How to Protect Your Toys

It’s true what they say: Bigger boys just want bigger (and more electrically-fueled) toys. Nobody is too old for “toys” but the reality is that, as adults, we want bigger, badder and more expensive ones. No matter what your learnings, whether it’s pure gaming or you prefer a DIY build-a-computer, you need to protect your investments. Gone are the days when a broken toy is a two dollar replacement and run to the local super store.

Today’s “toys” (for all ages) are costly, engineered works of art. However, one of the best ways to protect your gadgets is ensuring the insulation is adequate (don’t expect everything you purchase to have top notch insulation). This is especially true if you’re of the engineering mindset and picking up pet projects that don’t come with instructions. Overheating won’t just ruin your project, but’s it’s also a massive fire risk.

To warranty or not to warranty?

Much like the Oxford comma, warranty vs. non-warranty is up for a huge debate. There are geeks who are solidly on one side of this argument over another, and no amount of evidence is going to shift their mindset. However, the truth is that warranties depend wholly on the product, the terms of the warranty and being honest with yourself on need, wear and tear.

For example, there’s a reason warranties come automatically with new cars. You’re spending a lot of money, there are a lot of things that can go wrong even with the best manufacturers, and even the daily commuter is being put through a lot. Think of every electronic toy as a similar purchase and be realistic about how rough you are on things and whether or not the total warranty cost will be worth that protection.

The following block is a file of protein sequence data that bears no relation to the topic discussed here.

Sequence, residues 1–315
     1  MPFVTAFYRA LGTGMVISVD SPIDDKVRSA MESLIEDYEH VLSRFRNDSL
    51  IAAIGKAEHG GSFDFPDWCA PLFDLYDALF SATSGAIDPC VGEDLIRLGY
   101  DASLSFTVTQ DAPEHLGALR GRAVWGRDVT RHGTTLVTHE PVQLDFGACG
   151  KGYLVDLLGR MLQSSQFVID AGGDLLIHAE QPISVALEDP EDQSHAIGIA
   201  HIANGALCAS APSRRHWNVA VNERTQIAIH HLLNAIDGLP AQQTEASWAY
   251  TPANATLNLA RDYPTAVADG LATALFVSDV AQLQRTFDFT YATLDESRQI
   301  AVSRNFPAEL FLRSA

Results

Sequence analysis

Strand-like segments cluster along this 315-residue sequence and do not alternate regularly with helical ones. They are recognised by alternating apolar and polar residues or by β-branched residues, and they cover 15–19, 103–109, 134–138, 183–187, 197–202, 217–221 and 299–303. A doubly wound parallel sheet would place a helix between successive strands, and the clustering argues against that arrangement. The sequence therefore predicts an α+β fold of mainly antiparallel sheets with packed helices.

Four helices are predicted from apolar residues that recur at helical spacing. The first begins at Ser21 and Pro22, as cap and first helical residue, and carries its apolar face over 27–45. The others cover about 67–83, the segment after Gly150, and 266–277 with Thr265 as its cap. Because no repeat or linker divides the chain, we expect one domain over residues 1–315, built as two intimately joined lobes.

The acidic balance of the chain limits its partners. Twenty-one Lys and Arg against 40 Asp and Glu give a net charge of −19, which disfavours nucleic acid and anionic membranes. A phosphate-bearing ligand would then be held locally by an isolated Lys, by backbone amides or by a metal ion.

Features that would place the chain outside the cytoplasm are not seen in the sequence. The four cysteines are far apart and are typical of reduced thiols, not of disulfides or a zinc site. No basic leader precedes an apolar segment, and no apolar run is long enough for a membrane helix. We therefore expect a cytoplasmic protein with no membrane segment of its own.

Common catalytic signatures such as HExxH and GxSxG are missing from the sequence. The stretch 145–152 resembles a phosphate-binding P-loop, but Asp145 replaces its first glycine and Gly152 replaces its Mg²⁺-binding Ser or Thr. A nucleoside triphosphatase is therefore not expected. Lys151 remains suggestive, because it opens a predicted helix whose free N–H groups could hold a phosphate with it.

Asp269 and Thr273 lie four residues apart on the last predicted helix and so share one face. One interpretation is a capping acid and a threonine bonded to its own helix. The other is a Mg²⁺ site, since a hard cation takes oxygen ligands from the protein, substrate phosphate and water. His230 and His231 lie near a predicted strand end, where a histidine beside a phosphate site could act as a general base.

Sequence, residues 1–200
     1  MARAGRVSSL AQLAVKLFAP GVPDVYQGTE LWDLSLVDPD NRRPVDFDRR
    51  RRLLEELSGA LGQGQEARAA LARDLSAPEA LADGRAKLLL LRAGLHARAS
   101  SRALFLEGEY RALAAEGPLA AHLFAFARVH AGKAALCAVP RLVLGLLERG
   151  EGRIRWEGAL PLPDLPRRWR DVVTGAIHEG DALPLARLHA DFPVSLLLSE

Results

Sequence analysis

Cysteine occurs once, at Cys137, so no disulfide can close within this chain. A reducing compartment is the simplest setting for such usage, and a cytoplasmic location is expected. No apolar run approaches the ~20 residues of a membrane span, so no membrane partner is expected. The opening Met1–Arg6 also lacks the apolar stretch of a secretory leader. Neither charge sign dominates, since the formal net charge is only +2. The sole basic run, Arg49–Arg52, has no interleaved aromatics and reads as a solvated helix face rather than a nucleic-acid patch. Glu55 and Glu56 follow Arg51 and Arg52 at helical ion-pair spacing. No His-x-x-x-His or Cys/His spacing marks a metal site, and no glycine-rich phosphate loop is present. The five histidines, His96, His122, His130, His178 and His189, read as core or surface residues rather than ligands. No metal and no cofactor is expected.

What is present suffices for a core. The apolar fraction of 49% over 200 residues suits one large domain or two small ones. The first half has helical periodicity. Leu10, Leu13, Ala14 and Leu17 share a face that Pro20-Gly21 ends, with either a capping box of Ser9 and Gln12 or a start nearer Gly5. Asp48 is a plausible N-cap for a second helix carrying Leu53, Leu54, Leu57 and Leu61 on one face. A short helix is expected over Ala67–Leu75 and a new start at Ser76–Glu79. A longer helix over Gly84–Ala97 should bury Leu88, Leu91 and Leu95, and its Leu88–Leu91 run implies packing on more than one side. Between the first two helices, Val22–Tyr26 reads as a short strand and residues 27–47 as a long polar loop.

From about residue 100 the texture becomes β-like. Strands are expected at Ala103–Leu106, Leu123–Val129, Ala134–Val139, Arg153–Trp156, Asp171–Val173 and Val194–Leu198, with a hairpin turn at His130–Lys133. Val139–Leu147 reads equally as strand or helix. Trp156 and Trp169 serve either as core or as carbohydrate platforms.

Daily habits

Some people are naturally tougher on their toys than others, and that’s okay. However, practicing good habits such as regular cleanings and packing away certain items can help extend their life. Minimize transportation and follow any care instructions (they’re there for a reason). Something as simply as putting discs back into their cases (think Blu Ray) can make a disc last decades longer even if you’re sure you won’t otherwise scratch it.

There’s always a cost-risk analysis with every purchase, but it’s important to look more closely at high-cost electronics. Read reviews and keep an eye out for complaints of breaking. If you spot a pattern, you might want to think twice or spring for added protection.

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